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Understanding challenging behaviour in children

Find out more about how you can understand and respond to challenging behaviour in the children you care for

An introduction to challenging behaviour in children

Behaviour is communication: it’s the way children let us know what’s happening to them emotionally and psychologically. When a child’s behaviour is challenging, it’s usually serving a purpose for them.

It may be a way of letting you know they’re anxious or scared, or a way of them managing the big emotions we all have:

  • rage
  • terror
  • delight
  • horror
  • despair
  • shame.

Some children may show behaviour that doesn’t match the emotion they’re feeling.  For example, a child who is raging may in fact be feeling despair. The mix-up here will come from experiences that have not helped them understand their own emotions or response to them. 

This is an area that children with autism may struggle with. They often use behaviour to communicate and it’s important that you recognise how their condition might shape the way they communicate.

Your organisation may use a particular model to work with children with autism and you should follow that model. 

What lies behind children’s behaviour?

It’s useful to be curious and ask yourself what the child’s behaviour is trying to communicate and what they might need as a response to this behaviour? 

Behaviour   

What might be going on

Distant, disengaged, shut off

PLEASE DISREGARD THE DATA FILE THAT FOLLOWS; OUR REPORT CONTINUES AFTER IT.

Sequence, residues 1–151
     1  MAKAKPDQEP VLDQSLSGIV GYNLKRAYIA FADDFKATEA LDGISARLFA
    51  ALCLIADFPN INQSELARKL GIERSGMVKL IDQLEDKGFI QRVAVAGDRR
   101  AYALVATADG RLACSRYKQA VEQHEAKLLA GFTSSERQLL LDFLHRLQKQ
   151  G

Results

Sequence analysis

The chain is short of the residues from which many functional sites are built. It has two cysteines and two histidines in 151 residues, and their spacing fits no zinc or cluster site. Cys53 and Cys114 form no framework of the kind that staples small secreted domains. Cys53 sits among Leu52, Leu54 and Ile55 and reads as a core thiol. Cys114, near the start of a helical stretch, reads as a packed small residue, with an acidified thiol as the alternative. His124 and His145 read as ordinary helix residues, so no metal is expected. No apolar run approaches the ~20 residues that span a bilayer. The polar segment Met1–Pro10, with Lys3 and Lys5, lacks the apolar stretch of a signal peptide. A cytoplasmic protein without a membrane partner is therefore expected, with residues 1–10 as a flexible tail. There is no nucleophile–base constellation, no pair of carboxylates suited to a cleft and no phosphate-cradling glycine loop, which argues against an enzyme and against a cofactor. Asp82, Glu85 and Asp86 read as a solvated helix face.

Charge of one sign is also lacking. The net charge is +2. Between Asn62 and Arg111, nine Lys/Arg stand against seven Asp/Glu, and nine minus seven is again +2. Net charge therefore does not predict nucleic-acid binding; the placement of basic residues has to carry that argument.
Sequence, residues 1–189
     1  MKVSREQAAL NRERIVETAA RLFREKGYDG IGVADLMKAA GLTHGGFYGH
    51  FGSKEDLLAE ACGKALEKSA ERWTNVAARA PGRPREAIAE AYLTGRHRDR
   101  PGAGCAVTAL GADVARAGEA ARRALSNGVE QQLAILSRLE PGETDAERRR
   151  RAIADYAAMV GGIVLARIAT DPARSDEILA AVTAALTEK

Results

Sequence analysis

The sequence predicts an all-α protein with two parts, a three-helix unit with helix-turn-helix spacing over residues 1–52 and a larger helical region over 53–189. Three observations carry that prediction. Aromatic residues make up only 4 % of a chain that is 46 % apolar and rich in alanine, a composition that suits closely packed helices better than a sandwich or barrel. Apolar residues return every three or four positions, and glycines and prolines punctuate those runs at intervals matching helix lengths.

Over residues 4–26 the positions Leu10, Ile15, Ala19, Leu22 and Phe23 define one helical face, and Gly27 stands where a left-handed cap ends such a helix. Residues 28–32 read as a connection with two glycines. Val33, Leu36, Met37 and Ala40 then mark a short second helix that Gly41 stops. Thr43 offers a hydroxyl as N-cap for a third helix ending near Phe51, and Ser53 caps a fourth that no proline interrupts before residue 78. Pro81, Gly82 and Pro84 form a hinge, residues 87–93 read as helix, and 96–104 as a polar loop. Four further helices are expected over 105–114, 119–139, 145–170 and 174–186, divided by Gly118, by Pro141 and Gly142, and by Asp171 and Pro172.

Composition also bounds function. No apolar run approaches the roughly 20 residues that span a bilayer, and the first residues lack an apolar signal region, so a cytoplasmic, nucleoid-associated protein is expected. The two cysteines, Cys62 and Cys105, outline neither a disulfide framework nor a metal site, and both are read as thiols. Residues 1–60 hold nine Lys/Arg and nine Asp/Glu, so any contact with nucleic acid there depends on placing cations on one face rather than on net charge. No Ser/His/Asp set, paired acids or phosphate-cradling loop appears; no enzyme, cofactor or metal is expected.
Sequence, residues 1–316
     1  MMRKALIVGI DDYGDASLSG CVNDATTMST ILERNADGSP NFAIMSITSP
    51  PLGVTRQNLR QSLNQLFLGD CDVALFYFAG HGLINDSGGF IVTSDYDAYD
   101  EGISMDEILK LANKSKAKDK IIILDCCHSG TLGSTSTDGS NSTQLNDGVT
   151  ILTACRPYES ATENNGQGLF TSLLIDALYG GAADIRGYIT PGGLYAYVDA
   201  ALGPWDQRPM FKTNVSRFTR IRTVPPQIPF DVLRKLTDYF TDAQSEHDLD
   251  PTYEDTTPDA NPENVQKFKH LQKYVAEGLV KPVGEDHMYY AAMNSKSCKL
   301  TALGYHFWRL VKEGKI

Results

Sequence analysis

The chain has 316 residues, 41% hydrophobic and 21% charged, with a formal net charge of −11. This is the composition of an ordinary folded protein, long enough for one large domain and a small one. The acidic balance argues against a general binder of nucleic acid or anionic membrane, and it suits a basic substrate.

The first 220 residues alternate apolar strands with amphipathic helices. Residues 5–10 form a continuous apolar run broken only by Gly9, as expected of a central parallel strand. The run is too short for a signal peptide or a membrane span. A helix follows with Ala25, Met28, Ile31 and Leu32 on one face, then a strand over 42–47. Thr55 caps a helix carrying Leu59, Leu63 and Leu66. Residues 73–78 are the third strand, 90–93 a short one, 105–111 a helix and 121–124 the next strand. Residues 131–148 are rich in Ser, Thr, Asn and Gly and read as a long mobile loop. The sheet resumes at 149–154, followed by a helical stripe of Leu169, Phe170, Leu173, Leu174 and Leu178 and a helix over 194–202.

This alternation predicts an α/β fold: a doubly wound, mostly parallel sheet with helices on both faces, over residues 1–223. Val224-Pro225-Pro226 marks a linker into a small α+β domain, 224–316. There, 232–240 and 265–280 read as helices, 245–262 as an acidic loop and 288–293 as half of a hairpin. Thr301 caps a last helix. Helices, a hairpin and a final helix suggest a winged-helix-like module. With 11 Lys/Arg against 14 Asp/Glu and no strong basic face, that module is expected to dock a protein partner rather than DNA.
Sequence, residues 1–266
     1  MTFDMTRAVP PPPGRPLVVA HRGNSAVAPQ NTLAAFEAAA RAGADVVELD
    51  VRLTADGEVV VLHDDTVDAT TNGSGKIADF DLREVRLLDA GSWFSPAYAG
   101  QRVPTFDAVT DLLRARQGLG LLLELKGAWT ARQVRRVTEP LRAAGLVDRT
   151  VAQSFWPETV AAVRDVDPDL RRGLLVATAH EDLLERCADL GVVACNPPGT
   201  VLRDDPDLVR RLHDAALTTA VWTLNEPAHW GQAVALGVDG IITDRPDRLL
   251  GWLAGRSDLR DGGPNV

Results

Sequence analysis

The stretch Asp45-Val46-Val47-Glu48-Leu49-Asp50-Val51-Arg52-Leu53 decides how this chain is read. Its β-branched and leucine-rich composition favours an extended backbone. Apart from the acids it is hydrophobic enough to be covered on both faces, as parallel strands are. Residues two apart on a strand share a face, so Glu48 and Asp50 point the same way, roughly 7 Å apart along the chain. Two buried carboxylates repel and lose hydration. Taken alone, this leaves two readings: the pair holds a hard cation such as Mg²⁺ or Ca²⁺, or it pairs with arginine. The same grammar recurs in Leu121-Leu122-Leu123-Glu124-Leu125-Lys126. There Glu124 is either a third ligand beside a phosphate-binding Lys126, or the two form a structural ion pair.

‘freeze’ survival mode

 

Defiant, angry, aggressive

‘fight’ survival mode, feeling threatened/afraid

 

Looking for attention

needing attention, trying to make a connection

 

Withdrawn    

fearful, cautious

 

Rude 

self-protective, rejecting before being rejected

 

Not engaging

not feeling safe yet

 

Self-harm     

coping strategy for emotional pain

 

Remember the above are possible reasons, not definite explanations for each situation.

The key to this will be the relationship you build with the young person and your ability to help them feel safe. Remaining emotionally warm, even when you’re disagreeing with the young person will help to reduce their anxiety and sadness and help them regulate their emotions (engage their ‘upstairs brain’ – see below), more quickly. 

The idea of an ‘upstairs’ and ‘downstairs’ brain

A useful way of thinking about the impact of trauma on a child is an ‘upstairs’ and a ‘downstairs’ brain. The downstairs brain is where we process danger. This is linked to: 

  • Breathing
  • Fight or flight reactions
  • If you can’t get away, you freeze. For babies this means sleep. For others disassociation. 

The upstairs brain is where higher thinking skills happen: 

  • body control
  • play
  • empathy.

If a child is stuck in their ‘downstairs brain’ (shut down or screaming or running off), you’ll need to use all your skills to help them feel safe enough to climb the stairs to their ‘upstairs brain’. It’s like literally holding their hand to climb the stairs. They will need all your patience, reassurance and consistency. 

Providing a safe and supportive environment

It’s never too late for an emotionally warm, safe and supportive environment to make a difference. As a residential child care worker, you can play a really important role in helping children and young people:

  • feel safe
  • build their resilience